New EB-5 Regulations Carry Significant Consequence to the South Florida Market
L-R: Julian Montero, Roger Bernstein, Rohit Kapuria, and Ronald Fieldstone.
As a result of a new agency rule, potential EB-5 investors will be scurrying to invest in the EB-5 program in rapid fashion, many of whom desire to invest in the South Florida economy and emigrate to South Florida.
As a result of a new agency rule, potential EB-5 investors will be scurrying to invest in the EB-5 program in rapid fashion, many of whom desire to invest in the South Florida economy and emigrate to South Florida. On July 24, U.S. Citizenship and Immigration Services (USCIS) published a final rule amending the Department of Homeland Security (DHS) regulations governing the employment-based, fifth preference (EB-5) immigrant investor classification and associated regional centers.
Under the EB-5 program, qualified individuals are eligible to apply for lawful permanent residence in the United States if they make the necessary investment in a commercial enterprise in the United States and create or, in certain circumstances, preserve 10 full-time jobs for qualified U.S. workers.
The final rule provides, among a number of other changes:
- Priority date retention to certain EB-5 investors (this means that if an investor desires to redirect his investment to another project following approval of the initial I-526 petition, the initial priority date of such application will be preserved);
- An increase in the required minimum investment amounts;
- An amendment to the definition of a targeted employment area (TEA) and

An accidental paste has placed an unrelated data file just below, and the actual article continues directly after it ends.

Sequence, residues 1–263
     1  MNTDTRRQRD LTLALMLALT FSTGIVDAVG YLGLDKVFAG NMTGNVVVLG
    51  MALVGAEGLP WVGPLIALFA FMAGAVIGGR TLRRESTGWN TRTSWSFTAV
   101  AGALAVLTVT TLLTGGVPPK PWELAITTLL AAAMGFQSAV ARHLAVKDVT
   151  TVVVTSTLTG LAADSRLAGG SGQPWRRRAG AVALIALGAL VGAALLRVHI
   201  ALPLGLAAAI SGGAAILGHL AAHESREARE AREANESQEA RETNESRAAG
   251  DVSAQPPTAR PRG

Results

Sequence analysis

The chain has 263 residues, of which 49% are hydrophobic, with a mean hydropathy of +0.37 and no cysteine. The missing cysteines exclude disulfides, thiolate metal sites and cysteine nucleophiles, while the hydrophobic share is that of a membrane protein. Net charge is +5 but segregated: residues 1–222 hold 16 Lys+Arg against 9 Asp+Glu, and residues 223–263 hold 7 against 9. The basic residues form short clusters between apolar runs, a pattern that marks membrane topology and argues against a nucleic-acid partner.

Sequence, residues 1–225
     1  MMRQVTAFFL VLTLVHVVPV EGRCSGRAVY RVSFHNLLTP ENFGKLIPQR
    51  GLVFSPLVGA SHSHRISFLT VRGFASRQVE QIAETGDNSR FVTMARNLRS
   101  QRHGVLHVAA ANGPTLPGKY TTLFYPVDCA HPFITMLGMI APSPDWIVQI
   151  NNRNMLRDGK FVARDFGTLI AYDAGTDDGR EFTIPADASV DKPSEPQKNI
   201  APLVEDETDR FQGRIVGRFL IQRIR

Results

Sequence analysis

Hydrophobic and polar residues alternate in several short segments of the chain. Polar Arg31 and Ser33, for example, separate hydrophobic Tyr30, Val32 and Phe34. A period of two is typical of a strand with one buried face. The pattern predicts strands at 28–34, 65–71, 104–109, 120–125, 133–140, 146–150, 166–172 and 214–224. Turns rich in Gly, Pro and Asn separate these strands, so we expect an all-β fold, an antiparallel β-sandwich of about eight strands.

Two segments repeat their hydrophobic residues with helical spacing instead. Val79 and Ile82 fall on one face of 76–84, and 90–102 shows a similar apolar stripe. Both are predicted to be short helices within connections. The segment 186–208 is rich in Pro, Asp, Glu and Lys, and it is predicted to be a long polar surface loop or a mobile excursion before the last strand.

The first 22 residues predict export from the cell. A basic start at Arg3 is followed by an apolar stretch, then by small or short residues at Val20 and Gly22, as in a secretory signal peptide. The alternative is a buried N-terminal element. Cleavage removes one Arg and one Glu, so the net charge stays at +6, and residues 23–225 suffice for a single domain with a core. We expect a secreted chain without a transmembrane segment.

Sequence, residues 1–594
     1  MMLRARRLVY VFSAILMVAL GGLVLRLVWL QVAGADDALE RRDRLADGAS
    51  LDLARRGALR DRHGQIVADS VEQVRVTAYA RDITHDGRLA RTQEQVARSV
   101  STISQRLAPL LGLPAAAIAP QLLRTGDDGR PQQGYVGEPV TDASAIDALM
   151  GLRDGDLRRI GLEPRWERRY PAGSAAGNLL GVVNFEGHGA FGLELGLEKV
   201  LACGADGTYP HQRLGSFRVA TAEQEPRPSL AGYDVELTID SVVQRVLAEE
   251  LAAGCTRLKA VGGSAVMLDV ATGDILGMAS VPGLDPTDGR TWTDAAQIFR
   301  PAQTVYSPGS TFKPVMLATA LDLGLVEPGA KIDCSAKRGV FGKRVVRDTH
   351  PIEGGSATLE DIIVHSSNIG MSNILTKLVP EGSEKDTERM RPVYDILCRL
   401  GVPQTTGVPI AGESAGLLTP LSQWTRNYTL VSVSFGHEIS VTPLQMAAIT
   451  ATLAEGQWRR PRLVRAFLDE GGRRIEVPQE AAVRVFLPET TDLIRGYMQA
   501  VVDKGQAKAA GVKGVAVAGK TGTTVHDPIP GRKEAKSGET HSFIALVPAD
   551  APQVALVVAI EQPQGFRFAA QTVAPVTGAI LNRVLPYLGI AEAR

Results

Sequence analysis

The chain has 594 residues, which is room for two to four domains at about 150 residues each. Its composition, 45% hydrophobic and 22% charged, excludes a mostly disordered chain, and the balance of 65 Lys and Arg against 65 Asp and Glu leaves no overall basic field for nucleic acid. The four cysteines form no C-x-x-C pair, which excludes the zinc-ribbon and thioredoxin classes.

- A clarification on USCIS procedures for the removal of conditions on an investor’s permanent residence.
The final rule becomes effective on Nov. 21.
Fortunately, the regulations are NOT retroactive and investors have until Nov. 20 to file I-526 petitions under the existing regulations. Undoubtedly, this will result in a significant uptick in EB-5 investment activity in South Florida as investors scramble to lock in the lower $500,000 minimum investment.
Of major import, the rule increases the minimum investment amount in a TEA from $500,000 to $900,000 and increases the standard investment amount from $1 million to $1.8 million. The price increases were widely anticipated as the investment amounts had not been increased since the EB-5 program’s inception almost 30 years ago. Most industry analysts feel the market will absorb the price increase for the TEA designated projects given that over the past five years, demand for the EB-5 visa far exceeded the 10,000 per year visa allocation. Additionally, because of the increase in the investment threshold, projects will need approximately 45% fewer investors.